After a nice bus ride, I arrived at the factory. For some reason they wanted to see some picture ID with name before they let us in, but after that, it was a very nice tour. They let us taste the glue (remember in 1st grade?), and gave us all samples to take home. I asked about the raw materials part, which we hadn't seen, but could hear (lots of machine noises, and occasional unintelligble animal squeals), and was told that only employees were allowed in there.
Disappointed only slightly, I excused myself to go to the bathroom, found an exit, and headed towards where the loading dock must be. I *really* wanted to watch those horses go, just sort of a thing I have. Instead of horses, though, I found more tour busses lined up. The empty ones were leaving, and the arriving buses quickly disgorged their (all male, strangely enough) tour groups, along with armed guards. This made no sense to me, especially the fact that nobody looked happy to be there, except the guards. Also, it struck me that all the visitors were caucasian.
Staying out of the midst of things, I was passing the dumpsters when a chute overhead dropped down and unloaded bunches of flat, colorful, plastic cards into the dumpster. A few of them missed and floated over to me. They were driving permits, credit cards, etc. Let's see, Elmer O'Toole, Elmer Fudd, Jay Elmer Smythe, Elmer Carracas...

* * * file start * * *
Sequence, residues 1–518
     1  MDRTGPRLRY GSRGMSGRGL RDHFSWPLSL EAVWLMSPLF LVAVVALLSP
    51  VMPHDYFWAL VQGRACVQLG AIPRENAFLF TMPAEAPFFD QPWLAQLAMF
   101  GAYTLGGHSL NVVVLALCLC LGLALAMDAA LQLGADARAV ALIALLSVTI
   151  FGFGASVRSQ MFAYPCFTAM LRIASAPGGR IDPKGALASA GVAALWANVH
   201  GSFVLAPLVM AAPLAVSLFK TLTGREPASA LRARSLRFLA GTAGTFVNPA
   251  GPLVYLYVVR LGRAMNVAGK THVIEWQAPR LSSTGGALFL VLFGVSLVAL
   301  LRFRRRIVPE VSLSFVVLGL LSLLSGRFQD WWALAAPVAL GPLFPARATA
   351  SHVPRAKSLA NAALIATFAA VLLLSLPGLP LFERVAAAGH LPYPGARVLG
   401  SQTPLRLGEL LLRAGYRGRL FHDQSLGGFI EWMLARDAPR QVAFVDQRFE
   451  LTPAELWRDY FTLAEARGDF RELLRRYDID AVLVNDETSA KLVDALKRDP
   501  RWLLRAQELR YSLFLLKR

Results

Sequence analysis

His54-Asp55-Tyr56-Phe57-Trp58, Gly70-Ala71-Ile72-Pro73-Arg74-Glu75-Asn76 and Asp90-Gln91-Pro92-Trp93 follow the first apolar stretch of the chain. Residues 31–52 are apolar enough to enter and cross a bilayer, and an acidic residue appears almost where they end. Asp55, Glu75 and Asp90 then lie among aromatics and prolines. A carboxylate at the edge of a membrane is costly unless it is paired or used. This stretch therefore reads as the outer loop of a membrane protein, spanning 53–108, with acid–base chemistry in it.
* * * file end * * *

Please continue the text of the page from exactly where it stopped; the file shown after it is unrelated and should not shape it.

Suddenly I felt ill. Especially when I recalled the bitter-sweet taste of the glue in the factory. Had I eaten today, I would have lost it. I snatched the sample of Elmer's All-Purpose White Glue from my pocket, apologized to it, and started to thorw it as far as I could. Then I realized that at least 1 death could be avenged; I emptied the glue into a nearby, idle forklift's fuel tank.
I ran. As hard as I could, I ran. After several miles, the throbbing under my right ribs became too much to ignore, and I collapsed into a nearby hedge next to another industrial park. After a nap, still panting and sore, I crept through the hedge, looking for somewhere to hide until I sorted things out. I glanced up at the line of trucks departing the loading dock, and read "Dave's Jams & Jellies". When I came to my senses, I was another mile away, and had stuck all my ID in the hatband of a sleeping wino in a nearby truck park. Then it struck me. Even without ID, I wasn't safe. Many plants in the area manufactured generics!
I made my decision, taking deep breaths to keep from passing out. I would have to go underground.
Go to next chapter.
Last updated: 1 Jul 1994
Copyright 1989, 1990, 1994 Miles O'Neal, Austin, TX. All rights reserved.
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